People reportedly picketed whenever Shockley spoke publicly. In 1989 he died at Stanford, where he taught electrical engineering. No funeral was held.

Strong reactions

His views still elicit strong reactions.

"I'm not a Shockley fan, they don't get anymore racist than him," said City Council member Laura Macias.

Macias said she would be willing to commemorate the building's history, but not Shockley himself.

Beaudouin showed drawings of a historical display that was to be installed years ago at the San Antonio shopping center. Large steel wafers stick out of the ground, one of which says "Birthplace of Silicon Valley" and and has a display titled "The William Shockley story."

Beaudouin says the proposal never went anywhere and he was never told why.

In 2009 officials in Auburn, Calif. faced a similar dilemma when Shockley's widow left 28 acres for a park to be named after Shockley, sparking public outcry.

"I cannot fathom how officials in Auburn would have the gall to name an area park after a white supremacist and think that would be readily accepted by residents," Barry Broad, chairman of the Jewish Community Relations Council, told an Auburn newspaper.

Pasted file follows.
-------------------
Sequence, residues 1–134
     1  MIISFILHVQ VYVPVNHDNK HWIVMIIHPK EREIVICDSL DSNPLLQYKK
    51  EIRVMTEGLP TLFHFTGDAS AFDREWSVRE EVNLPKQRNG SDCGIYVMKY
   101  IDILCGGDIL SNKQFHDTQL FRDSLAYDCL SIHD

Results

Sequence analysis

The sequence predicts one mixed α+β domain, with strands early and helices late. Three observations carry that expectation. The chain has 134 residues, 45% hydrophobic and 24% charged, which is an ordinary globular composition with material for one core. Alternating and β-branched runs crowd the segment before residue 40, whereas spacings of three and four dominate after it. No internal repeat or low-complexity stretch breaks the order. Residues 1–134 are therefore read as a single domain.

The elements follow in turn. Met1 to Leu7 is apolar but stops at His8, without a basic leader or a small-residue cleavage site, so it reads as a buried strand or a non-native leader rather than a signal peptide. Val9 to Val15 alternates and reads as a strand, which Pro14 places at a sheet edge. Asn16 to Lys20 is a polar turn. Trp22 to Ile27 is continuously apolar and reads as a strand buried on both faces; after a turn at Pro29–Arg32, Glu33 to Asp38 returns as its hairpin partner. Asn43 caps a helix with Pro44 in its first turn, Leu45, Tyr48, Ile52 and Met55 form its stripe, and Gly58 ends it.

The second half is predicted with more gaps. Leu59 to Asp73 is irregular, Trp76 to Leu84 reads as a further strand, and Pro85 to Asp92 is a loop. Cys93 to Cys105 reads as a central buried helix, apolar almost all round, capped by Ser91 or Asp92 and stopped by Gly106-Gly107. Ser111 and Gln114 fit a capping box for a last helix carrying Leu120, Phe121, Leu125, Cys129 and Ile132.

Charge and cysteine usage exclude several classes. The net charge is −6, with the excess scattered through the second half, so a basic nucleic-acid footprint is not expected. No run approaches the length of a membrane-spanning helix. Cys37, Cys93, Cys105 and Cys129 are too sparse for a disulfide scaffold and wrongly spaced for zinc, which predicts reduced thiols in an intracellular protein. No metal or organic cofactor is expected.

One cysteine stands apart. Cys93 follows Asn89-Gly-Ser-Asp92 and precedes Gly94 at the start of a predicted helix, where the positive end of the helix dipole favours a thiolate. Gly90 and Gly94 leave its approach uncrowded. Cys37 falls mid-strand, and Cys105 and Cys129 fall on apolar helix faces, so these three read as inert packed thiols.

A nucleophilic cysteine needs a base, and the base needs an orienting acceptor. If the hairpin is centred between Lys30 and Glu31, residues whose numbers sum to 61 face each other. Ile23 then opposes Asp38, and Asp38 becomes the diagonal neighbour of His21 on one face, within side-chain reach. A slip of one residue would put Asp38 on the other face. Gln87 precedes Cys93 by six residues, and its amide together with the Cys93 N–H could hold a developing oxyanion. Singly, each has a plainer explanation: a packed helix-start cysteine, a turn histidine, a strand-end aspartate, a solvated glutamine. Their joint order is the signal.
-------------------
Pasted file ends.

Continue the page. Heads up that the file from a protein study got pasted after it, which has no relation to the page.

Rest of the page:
Beaudouin says Shockley still deserves recognition.

Controversy over his views "doesn't change the fact he contributed enormously to the development of the transistor and the integrated circuit," Beaudouin said. "Everyone who walks around with a cell phone owes it to William Shockley. I think he was superb scientist, there's no question about it."

Beaudouin said the experience working for Shockley for seven years in the early 1960s "was a good life." Working conditions were not intolerable as described by the group Shockley called the "traitorous eight," who famously left his lab in 1956 to start Fairchild Semiconductor, Intel and other companies that commercialized the silicon transistor and integrated circuit.

Email Daniel DeBolt at ddebolt@mv-voice.com

Comments

Posted by Aloke K. Bose, a resident of another community
on Jun 21, 2012 at 6:49 pm